Teen Dating Violence is a pattern of abuse used by one person in a current or past dating relationship to exert power and control over another when one or both of the partners is a teenager. The nature of abuse can be physical, emotional or sexual.
What is Teen Dating Violence?
Abuse can include:
- Sexual Harassment
- Social Sabotage
- Threats and/or Acts of physical or sexual abuse
- Use of electronic devices such as cell phones and computers to abuse, harass, or stalk someone
In Teen Dating Violence relationships, there are Three Important Roles:
- The Abuser – A person who physically, sexually, verbally or emotionally hurts a dating partner.
- The Victim – A person who is hurt physically, sexually, verbally or emotionally by a dating partner.
- The Bystander – A person who is aware that someone is being abused in a dating relationship. The bystander may become aware of the abuse through witnessing it directly or through second-hand information.
If you observe that someone you know may be a victim of Teen Dating Violence, DO:
- Listen to what the person is saying with an open mind.
- Find out what the person would like to do about the relationship and support them regardless of what you would do in a similar situation.
- Understand that the person may be confused about their feelings and about what to do. They may change their mind, maybe even a few times.
- Watch your body language and respect the person’s right to privacy and personal space.
- Let them know that you will be there for them if they ever need you.
- Help the person become informed of available resources.
- Decide how you should proceed with informing any other persons, especially if you feel the person’s safety may be in danger.
- Judge the person.
- Give advice. Let the person make their own decisions, while discussing all of the choices available to them.
- Ask unnecessary questions; if a victim is not ready to talk about everything yet they may shut down if they feel pressured.
- Confront the person’s abusive partner about the abuse – this could put you and the person you are concerned about at risk.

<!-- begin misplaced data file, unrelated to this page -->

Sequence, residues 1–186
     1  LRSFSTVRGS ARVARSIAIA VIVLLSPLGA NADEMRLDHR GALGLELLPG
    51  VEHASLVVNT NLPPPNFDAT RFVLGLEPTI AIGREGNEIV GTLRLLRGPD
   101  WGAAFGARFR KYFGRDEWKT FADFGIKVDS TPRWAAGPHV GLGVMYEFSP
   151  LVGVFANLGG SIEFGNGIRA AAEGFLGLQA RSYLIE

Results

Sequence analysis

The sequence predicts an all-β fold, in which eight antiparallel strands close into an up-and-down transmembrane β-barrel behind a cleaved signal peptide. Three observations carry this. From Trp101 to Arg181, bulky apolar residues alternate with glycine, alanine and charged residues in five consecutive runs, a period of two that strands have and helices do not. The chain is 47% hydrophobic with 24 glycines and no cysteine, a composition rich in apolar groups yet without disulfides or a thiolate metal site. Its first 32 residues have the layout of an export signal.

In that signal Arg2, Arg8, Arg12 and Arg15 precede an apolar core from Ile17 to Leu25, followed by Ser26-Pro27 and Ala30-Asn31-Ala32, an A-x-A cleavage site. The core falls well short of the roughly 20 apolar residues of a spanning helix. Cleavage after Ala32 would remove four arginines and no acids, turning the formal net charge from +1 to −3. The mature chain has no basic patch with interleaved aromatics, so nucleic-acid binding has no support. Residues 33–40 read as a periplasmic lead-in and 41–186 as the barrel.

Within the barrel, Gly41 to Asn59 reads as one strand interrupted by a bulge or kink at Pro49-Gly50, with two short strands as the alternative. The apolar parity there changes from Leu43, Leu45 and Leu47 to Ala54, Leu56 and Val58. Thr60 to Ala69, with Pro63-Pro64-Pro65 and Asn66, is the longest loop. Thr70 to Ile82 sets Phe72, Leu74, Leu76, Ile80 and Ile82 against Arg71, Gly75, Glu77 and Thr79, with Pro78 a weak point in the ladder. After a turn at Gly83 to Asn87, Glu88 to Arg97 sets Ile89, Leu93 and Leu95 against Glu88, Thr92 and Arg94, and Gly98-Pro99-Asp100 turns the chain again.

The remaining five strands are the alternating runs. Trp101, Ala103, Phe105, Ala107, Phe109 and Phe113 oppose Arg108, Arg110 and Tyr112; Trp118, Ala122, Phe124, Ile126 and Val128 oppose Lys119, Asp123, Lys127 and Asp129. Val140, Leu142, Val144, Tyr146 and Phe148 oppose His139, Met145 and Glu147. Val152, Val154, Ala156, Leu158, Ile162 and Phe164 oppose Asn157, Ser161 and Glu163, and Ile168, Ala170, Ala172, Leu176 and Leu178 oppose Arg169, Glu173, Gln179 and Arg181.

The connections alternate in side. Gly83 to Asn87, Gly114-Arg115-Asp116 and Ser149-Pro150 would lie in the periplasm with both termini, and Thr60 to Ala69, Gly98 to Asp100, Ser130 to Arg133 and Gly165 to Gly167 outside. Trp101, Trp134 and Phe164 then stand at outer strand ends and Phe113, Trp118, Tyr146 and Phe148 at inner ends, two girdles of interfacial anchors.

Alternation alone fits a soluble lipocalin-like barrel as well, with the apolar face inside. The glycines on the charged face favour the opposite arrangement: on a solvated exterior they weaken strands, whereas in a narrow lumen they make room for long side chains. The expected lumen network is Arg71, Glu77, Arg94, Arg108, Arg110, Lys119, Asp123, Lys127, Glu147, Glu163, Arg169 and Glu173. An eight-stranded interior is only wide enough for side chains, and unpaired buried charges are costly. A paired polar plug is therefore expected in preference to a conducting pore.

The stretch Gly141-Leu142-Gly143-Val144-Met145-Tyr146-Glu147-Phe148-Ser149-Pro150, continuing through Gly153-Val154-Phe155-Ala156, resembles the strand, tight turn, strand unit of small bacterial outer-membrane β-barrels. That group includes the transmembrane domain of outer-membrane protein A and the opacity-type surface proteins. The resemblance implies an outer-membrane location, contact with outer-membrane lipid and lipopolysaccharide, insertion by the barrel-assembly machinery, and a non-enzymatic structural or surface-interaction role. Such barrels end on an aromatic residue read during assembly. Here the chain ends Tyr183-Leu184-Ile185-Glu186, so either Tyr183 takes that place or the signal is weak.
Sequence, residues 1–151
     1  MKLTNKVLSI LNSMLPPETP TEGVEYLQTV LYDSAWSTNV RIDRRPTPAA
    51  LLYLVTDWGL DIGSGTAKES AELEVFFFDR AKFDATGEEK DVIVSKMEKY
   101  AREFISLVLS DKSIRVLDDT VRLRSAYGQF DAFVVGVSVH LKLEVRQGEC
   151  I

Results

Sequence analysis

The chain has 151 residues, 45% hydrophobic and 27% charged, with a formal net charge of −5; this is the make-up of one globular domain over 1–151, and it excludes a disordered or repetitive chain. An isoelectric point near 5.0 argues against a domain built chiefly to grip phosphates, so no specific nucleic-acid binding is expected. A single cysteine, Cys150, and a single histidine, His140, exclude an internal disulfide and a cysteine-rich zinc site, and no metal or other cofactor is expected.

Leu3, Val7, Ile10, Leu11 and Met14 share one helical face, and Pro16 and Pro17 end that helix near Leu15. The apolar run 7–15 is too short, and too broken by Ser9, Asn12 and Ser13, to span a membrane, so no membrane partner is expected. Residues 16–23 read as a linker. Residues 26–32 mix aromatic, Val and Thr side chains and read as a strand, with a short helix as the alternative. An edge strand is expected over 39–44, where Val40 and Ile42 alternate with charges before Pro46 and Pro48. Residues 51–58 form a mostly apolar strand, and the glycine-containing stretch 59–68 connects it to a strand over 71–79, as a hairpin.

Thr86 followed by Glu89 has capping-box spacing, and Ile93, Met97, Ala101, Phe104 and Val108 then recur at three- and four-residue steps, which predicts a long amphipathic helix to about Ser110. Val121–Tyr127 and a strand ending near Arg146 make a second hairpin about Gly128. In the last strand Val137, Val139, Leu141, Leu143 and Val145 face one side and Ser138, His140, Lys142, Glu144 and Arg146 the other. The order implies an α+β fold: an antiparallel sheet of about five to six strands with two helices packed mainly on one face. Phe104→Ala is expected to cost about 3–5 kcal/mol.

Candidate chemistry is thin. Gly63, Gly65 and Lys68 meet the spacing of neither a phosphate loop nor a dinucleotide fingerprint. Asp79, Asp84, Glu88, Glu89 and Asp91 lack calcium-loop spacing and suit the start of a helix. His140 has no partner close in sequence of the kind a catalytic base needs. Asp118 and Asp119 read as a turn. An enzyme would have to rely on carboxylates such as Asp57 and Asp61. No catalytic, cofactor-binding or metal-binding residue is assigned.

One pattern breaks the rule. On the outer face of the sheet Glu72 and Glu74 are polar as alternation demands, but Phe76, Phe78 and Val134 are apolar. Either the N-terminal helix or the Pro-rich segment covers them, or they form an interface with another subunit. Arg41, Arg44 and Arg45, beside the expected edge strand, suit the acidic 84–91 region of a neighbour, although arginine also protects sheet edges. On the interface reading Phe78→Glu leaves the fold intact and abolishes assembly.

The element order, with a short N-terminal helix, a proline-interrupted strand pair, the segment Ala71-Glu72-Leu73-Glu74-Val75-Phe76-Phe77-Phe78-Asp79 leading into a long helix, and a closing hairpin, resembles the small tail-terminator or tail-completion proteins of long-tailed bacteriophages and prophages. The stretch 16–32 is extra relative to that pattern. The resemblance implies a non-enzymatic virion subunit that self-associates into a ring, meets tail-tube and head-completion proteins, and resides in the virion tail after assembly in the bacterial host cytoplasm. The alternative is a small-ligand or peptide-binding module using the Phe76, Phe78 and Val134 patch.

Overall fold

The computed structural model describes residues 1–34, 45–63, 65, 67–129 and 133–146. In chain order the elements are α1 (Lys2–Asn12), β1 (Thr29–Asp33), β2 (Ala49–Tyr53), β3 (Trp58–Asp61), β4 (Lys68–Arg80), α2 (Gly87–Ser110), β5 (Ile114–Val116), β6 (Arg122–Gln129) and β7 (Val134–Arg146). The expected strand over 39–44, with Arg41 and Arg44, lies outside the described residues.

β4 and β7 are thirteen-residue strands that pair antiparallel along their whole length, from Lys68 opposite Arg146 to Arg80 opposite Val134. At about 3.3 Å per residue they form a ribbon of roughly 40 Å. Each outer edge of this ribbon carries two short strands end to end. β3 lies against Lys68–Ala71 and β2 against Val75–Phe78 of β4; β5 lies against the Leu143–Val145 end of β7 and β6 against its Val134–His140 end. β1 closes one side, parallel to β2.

- Set clear policies about reporting dating abuse or violence of any kind, whether it occurs on campus or not, as required in Florida Statute 1006.148.
- Actively create a school environment where respect, responsibility and safety are promoted.
- Take seriously and proactively enforce protection orders and other court orders due to dating abuse.
- Train staff to recognize signs of dating abuse and intervene appropriately – Refuge House is happy to assist in this process.
- Teach an evidenced-based and effective curriculum about dating abuse.
- Host school-wide dating abuse campaigns involving students that also include them in the responsibility of planning and organizing the event.
- Educate parents about the issue.
- Students may not feel comfortable asking for resources directly so identify a safe place for students to access information on local community resources.
Curriculum Resources for Teachers
- Get Smart – Get Help – Get Safe: Preventing, Assessing, and Intervening in Teenage Dating Abuse
A Training for Specialized Instructional Support Personnel
- Florida Coalition Against Domestic Violence – Educators
- For posters or brochures regarding teen dating violence contact: Prevention@fcadv.org
- Florida Coalition Against Domestic Violence Youth Activist Prevention Toolkit
- Break the Cycle
- I Am Courageous
- Prevent IPV
- Centers for Disease Control: Teen Dating Violence
- National Online Center on Violence Against Women
- Florida Domestic Violence Resources – An Abuse, Rape and Domestic Violence Aid and Resource Collection
- Florida Certified Domestic Violence Centers
- National Center on Domestic and Sexual Violence: Teen Power and Control Wheel (PDF)